Your doggie patient is a pure bred 1 year old Xoloitzcuintli who has has recurrent respiratory infections all his life and his response to supportive therapy has been getting progressively weaker over time. He is also infertile. Which immotile ciliary syndrome do you suspect?
Primary ciliary dyskinesia (PCD) - autosomal recessive trait
Which vessel, the pulmonary artery or pulmonary vein carries oxygenated blood?
Dalai Clawma presents to your clinic with nasal discharge, sneezing, increased inspiratory effor, and open-mouth breathing. Where is the location of the problem (which airways)?
____ is the hallmark of a tracheal or pulmonary disease, or cardiac failure.
Anderson Pooper presents to your clinic with difficulty breathing. When he lies down he has a hard time catching his breath, so he sits in sternal recumbency with his elbows abducted, neck extended and is open-mouth breathing. What term best describes this?
T/F Most noises are heard on expiration.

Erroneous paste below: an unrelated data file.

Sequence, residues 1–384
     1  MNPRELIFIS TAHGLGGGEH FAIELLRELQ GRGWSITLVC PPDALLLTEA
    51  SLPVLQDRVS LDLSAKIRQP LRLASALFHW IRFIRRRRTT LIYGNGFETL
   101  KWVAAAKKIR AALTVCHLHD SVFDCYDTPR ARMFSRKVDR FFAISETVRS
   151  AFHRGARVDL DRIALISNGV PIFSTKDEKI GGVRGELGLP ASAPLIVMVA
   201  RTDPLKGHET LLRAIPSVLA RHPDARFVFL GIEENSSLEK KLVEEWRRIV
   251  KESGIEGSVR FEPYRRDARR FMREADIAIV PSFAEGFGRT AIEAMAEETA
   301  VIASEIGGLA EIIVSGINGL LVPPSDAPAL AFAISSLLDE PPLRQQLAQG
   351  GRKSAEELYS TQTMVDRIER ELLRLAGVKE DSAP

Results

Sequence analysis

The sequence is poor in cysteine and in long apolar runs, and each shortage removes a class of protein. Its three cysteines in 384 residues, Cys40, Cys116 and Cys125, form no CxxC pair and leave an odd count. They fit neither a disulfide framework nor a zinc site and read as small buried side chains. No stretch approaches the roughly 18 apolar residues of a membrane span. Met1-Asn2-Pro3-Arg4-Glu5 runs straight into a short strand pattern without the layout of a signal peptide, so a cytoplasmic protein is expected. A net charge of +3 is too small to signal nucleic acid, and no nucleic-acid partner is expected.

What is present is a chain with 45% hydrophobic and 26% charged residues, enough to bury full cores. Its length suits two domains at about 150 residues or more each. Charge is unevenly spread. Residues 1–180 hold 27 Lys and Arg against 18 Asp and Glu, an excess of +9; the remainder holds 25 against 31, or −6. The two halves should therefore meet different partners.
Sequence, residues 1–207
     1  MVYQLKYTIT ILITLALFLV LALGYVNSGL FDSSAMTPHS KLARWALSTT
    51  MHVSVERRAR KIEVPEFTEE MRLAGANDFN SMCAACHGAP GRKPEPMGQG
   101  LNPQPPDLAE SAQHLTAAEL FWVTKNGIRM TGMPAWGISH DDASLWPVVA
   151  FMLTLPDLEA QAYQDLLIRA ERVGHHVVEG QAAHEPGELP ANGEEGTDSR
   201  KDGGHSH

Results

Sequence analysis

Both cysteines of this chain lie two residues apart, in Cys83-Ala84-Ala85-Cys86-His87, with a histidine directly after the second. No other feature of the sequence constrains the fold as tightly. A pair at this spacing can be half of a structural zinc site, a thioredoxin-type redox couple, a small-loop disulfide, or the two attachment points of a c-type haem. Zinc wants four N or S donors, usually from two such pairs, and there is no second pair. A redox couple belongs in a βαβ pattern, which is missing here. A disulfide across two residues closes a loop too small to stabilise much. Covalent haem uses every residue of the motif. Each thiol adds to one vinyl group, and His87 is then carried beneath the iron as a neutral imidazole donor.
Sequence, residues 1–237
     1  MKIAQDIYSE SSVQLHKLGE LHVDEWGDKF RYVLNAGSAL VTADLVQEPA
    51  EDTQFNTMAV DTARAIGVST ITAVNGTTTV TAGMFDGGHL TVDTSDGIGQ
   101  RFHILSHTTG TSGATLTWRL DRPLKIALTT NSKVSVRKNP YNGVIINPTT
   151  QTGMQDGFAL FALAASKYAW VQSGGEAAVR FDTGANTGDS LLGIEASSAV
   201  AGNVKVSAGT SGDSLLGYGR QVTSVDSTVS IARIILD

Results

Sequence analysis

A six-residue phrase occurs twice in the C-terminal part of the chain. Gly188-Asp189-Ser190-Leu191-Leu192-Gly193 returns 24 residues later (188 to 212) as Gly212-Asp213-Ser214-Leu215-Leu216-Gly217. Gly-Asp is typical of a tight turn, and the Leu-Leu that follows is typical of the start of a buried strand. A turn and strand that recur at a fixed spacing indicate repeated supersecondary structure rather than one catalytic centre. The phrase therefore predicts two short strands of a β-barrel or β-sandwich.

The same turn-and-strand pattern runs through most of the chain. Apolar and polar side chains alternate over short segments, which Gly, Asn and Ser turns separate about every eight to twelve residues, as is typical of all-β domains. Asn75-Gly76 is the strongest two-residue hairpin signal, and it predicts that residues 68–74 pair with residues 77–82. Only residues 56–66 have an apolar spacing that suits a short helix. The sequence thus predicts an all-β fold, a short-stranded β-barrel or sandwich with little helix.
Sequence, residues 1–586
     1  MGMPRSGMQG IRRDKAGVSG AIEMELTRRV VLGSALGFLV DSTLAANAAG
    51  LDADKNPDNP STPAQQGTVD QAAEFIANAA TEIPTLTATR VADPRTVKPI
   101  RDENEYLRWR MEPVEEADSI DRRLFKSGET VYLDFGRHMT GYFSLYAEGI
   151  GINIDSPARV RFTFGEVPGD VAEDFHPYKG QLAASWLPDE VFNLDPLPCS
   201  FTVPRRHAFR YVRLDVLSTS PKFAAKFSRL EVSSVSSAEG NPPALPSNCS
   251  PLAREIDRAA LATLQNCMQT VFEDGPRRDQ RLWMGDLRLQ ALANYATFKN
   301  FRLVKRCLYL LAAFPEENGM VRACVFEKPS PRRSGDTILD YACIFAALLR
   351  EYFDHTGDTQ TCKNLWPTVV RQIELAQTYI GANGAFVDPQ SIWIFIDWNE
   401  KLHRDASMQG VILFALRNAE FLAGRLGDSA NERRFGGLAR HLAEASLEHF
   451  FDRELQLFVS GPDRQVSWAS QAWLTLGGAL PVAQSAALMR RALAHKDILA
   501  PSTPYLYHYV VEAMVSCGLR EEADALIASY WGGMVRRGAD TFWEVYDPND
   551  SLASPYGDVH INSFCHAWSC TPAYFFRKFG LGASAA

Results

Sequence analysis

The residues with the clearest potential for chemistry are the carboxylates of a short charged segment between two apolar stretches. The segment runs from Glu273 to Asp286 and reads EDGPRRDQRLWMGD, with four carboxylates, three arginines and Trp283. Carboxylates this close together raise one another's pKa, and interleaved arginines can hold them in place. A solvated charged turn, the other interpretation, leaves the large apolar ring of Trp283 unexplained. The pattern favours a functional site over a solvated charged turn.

Jude Paw is brought to your clinic coughing. He has increased effort in expiration and on auscultation you hear crackles and wheezing. Where is the location of the problem (which airways)?
You are auscultating a dog and hear a low pitched sound on inspiration, it sounds like gurgling or snorting. What is this sound called? What is it caused by?
Produced by air passing over a soft tissue obstruction.
Captain Galacticat has a paroxysmal cough. What does this mean?
The cough occurs in sudden bursts
Where are bronchiovesicular sounds the loudest?
Over the hilus
What is the high pitched inspiratory noise called, caused by rapid airflow over a rigid obstruction or a paralyzed/collapsed larynx?
T/F: Neoplasia is an important cause of nasal discharge in dogs. Rhinitis is an important cause of nasal discharge in cats.
Steve the dog presents with sudden onset clinical signs, including acute sneezing, gagging, reverse sneezing, pawing at the nose and serous nasal discharge.
What is your top differential and what are your options for diagnosis?
Nasal foreign body
What is the chronic inflammatory rhinitis characterized by a lymphocytic and plasmacytic infiltration into the nasal mucosa in the abense of any obvious underlying etiology?
How is it diagnosed?
Lymphoplasmacytic Rhinitis (LPR)
CT/MRI - if you see destruction of nasal septum, frontal sinus or cribiform plate, it is UNLIKELY to be LPR